University greek life talks feminism and gender roles

Dialogue sparked the importance of feminism within the greek community.

Isabella Murray

Greek life’s strong systemic adherence to traditional gender roles can make feminism a difficult topic to approach, some University of Minnesota greek students said.
 
 
At a Wednesday discussion called, “Feminism is for Everyone,” students explored their definitions of gender equity and dispelled common misconceptions about feminism to help promote it in an academic and social setting, said Jackson Ridl, a men’s engagement student staff member for the Aurora Center
 
 
Ridl,  a Beta Theta Pi member who led the discussion, said he sees frequent binary gender stereotypes play out in greek life, leaving little room for equity.
 
 
“There are different stories for men and for women, and there isn’t much gender fluidity within that,” Ridl said. “That isn’t an accurate depiction of gender, but it’s definitely a binary role within the greek system.” 
 
 
Wednesday’s discussion also touched on how feminists and allies should approach their roles. Women at the discussion said they want to be asked by men about how to approach gendered situations and want people to not make assumptions regarding gender, sex and privilege.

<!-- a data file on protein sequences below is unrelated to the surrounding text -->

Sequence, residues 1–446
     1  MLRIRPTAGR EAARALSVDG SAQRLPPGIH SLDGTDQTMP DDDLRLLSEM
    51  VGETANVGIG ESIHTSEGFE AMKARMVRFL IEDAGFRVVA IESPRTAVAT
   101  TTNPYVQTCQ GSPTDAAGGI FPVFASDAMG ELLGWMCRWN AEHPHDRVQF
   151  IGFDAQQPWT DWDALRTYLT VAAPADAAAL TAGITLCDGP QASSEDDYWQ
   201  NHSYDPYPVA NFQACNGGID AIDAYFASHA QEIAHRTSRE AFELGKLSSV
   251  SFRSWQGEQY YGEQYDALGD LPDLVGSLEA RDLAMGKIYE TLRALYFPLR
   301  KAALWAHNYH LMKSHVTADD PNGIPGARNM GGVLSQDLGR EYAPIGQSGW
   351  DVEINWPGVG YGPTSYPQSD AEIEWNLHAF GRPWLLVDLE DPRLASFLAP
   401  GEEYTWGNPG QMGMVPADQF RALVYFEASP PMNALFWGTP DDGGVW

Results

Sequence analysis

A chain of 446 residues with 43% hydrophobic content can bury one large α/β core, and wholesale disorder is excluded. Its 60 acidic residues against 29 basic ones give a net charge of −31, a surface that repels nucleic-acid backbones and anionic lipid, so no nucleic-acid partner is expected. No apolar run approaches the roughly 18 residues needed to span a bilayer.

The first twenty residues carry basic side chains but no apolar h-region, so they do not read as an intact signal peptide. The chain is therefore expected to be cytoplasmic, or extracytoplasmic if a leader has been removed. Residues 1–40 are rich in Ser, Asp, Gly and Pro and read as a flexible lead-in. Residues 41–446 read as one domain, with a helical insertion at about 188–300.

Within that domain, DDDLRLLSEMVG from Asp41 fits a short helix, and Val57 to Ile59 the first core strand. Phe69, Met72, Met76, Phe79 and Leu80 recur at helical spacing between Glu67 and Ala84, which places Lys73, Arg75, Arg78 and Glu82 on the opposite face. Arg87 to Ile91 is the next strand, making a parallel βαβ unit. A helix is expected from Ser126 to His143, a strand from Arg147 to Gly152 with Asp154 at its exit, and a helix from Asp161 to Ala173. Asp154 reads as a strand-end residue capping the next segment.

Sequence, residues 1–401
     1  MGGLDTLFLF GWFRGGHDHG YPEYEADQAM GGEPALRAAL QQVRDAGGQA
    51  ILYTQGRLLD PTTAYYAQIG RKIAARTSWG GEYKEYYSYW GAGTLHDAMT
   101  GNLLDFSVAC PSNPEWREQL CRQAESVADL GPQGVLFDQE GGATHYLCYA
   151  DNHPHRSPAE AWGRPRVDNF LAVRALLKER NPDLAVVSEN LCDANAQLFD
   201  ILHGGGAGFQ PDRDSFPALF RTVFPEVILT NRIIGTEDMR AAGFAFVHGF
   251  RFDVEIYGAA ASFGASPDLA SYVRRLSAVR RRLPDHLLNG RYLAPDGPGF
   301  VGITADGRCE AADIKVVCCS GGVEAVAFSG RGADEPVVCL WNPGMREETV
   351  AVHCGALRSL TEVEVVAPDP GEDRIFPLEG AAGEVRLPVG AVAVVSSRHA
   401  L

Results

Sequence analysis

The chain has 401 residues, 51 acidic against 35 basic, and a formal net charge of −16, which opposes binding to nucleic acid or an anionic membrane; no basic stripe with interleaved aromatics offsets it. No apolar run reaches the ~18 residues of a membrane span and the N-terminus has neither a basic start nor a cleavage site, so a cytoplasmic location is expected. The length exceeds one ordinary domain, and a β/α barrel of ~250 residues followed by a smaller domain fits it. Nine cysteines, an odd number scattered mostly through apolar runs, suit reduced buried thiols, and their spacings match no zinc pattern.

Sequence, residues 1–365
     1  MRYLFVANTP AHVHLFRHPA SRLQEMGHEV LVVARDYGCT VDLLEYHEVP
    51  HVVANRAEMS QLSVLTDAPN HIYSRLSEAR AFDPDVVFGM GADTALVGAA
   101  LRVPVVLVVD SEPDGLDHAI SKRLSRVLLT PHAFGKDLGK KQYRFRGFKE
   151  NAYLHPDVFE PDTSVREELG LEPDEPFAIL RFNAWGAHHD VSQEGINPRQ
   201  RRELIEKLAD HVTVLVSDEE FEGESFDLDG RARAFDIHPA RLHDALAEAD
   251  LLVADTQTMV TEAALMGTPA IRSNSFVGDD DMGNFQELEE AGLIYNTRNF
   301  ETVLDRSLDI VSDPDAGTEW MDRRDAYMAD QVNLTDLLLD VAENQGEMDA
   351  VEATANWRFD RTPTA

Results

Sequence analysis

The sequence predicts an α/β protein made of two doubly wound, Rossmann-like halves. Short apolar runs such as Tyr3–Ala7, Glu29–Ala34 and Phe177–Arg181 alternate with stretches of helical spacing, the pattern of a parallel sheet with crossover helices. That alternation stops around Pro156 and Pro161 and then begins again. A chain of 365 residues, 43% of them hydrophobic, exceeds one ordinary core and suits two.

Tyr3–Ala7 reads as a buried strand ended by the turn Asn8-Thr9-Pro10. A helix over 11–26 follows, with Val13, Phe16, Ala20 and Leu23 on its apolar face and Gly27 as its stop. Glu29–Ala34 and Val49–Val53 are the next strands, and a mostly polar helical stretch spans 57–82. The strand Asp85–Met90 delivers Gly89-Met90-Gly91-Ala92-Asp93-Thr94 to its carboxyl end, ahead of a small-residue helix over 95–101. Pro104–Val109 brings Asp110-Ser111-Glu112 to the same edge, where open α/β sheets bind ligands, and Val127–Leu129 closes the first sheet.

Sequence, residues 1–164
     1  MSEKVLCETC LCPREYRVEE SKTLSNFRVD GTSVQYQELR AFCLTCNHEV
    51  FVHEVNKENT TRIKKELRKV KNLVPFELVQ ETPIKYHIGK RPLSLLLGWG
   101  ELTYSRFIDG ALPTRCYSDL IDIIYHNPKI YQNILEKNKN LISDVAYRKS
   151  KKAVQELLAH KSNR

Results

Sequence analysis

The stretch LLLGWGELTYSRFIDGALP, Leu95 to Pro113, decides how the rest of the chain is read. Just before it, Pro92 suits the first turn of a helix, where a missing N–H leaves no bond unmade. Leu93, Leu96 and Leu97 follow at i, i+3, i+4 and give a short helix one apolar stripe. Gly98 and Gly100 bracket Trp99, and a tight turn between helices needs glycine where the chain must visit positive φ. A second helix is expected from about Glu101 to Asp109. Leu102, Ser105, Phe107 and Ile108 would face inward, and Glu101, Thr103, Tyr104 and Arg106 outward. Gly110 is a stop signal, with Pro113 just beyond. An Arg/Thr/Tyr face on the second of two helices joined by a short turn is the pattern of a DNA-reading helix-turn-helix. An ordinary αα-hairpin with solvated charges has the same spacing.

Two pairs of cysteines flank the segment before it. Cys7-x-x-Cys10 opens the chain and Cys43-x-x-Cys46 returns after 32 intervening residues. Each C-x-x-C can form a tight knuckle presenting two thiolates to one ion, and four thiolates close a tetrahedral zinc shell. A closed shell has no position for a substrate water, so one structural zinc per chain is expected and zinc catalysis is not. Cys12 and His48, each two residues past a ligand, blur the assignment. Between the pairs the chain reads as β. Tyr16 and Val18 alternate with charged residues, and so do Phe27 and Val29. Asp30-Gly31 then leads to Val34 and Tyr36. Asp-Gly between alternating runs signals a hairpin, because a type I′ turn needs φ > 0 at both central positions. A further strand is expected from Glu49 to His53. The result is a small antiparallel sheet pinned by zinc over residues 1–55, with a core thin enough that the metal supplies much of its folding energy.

“I think that … the greek system and the Panhellenic Council is based so much on gender roles and gender identification traditionally,” said Emma Mazour, vice president of public relations for the Panhellenic Council and member of Alpha Gamma Delta. “In recent years, the system has taken a lot of strides to embrace what being a woman can mean and identifying as a woman.”
 
 
The dialogue brought up personal experiences of gender roles in romantic life as well. 
 
 
Despite the newest waves of feminism, women still expect men to act in certain ways, said men’s engagement coordinator for the Aurora Center Jenifer Kolb. 
 
 
Both women and male peers can help police masculinity in order to lessen the pressure of these societal and greek system expectations in romantic relationships and power structures, Kolb said.
 
 
Male allies serve an important role of furthering feminism’s mainstream acceptance and presenting it as a universal discussion instead of a campaign against men, said Zack Gill, a graduate student in school counseling.
 
 
“Gender inequality is a man’s problem to change,” he said. 
 
 
Aurora Center volunteer and violence prevention educator Tipheret Pena said her sister is the president of Delta Gamma at the University of North Dakota. From discussions with her sister, she’s developed an understanding about the importance of promoting feminism in the greek system.
 
 
“I’ve given presentations to greek groups, so I know that they care,” she said, “but from within the greek system, feminism could have a bad connotation.”
 
 
Mazour noted that in her case, her sorority community has promoted women’s empowerment.
 
 
“So much of my support at college has come from my sorority in general, and it has given me more power as a woman and more agency in my life,” Mazour said.